When people started developing tools to make life easier, every little detail during manufacture had a specific purpose. Nothing was made by accident or added simply for flare. Even what was meant to be artwork had a specific purpose that had to do with either religious beliefs or daily routines; nothing was abstract.
Fast forward to the 21st century, the things we use in everyday life have become such intrinsic parts of our routine that we stopped wondering why they were designed the way they were. We use tools Sometimes even without fully understanding them.
From fluffy pompom on caps to seams and tape measuring machines, there are tiny details in the design that may at first seem purely aesthetic but that actually serves a very useful purpose. Sometimes their purpose may even seem blatantly obvious, but in reality, the product’s intended purpose is something you never thought of
#1. Brass Doorknobs
Did you know that a lot of doorknobs are made out of brass because it destroys bacteria. These types of doorknobs are Perfect in a household with lots of kids because they are essentially germ-proof.
#2 Notebook margins
Did you know that margins in notebooks weren’t invented as a guide for how many sentences one could/should fit onto one page? Rather, it began as culture that dates back centuries of book manufacturing as a way of protecting written work.
Earlier on in history, rats were common in human residential places and one of their favorite snacks happened to be paper, among many other things they could Chew on.
Applying wide margins to paper safeguarded against losing important work by leaving blank spaces around the edges for the rats to chew through first, whilst also protecting the writing on the outer edges from general wear and tear.
#3 Holes In Pen Caps
The holes in pen caps aren’t just a mundane addition. Some people can’t help but chew the caps of their pens. However, it’s a potential health hazard and it’s discouraged because you might swallow it and choke. Incase of such an incident, the holes in the caps come in handy allowing the victim to breathe in.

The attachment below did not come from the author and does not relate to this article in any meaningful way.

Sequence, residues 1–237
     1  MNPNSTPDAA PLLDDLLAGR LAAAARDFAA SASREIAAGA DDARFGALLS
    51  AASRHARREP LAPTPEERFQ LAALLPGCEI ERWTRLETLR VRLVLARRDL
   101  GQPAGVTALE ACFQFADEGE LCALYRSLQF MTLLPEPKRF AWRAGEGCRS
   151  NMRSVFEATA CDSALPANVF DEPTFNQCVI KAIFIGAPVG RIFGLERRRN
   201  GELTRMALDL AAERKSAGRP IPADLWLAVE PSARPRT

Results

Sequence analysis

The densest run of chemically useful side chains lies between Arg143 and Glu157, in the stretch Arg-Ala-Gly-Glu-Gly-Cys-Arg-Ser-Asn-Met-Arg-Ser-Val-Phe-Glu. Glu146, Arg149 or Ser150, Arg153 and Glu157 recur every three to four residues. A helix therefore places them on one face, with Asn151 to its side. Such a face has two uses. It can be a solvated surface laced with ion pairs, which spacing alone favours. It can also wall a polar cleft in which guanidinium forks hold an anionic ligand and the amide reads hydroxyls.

#4 Fluffy Pompom On Hats
The pom-poms on beanies and other hats. They might look cute and fluffy now but they had an actual function before. French sailors used to wear hats with pom-poms to cushion their heads against the ceilings of the ship during storms.
#5 The Stylish Halfbelts In Coats
The half-belt on coats and jackets is just style nowadays but this was not the their original function.
Halfbelts began as an accessory to the oversized military jackets that doubled as blankets. It was essential in gathering the extra materials to allow soldiers walk without sumbling.
#6 The fabric swatch
The fabric swatch. You’ve probably wondered about those tiny squares of fabric with buttons in small Ziploc bags that come with new clothes. Sure, you can use the piece of fabric to patch up a hole. But the main purpose of the fabric swatch is for you to test out different cleaning products on it so you won’t ruin your clothes.
#7 Extra Eyelet In Boots
The extra eyelets on shoes aren’t just for decoration. They are meant to improv the stability of the shoe during streignous movements and exercises.